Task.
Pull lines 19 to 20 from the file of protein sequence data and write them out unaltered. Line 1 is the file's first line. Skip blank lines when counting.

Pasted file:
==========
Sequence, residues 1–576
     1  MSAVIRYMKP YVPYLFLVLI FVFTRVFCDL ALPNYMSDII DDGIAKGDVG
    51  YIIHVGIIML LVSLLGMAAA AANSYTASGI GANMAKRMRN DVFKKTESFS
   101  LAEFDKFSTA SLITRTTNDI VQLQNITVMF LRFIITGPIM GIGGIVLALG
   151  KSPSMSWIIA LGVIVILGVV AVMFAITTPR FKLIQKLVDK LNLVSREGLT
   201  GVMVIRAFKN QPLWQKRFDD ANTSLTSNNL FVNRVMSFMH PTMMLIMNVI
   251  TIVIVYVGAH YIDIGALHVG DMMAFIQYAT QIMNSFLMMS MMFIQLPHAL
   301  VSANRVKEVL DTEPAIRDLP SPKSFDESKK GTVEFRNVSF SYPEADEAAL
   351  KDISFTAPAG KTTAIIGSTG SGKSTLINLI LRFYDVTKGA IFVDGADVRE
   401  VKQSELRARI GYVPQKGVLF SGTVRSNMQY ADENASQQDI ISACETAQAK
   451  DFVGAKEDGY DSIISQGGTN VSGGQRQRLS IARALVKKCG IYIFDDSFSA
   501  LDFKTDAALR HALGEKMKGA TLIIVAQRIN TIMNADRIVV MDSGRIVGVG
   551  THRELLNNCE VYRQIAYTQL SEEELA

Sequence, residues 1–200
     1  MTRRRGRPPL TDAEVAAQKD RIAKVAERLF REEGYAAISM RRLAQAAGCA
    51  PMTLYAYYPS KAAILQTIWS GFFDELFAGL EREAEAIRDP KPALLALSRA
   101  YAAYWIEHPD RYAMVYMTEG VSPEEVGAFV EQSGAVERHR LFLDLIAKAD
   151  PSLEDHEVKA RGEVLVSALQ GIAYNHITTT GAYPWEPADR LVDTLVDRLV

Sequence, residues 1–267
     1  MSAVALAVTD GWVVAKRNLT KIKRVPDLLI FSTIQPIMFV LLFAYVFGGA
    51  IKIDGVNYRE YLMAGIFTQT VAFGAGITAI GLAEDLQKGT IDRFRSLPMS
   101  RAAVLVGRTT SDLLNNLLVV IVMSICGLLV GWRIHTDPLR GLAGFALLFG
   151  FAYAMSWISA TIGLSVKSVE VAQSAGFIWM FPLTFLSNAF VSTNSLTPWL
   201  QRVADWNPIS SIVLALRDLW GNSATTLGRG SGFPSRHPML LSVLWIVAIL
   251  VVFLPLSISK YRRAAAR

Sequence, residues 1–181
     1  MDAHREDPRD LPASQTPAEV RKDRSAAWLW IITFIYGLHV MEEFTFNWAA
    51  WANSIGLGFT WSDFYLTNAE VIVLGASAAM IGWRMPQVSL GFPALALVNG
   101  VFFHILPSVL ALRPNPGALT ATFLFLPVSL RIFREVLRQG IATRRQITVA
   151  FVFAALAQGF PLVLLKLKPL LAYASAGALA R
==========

Sequence, residues 1–267
     1  MSAVALAVTD GWVVAKRNLT KIKRVPDLLI FSTIQPIMFV LLFAYVFGGA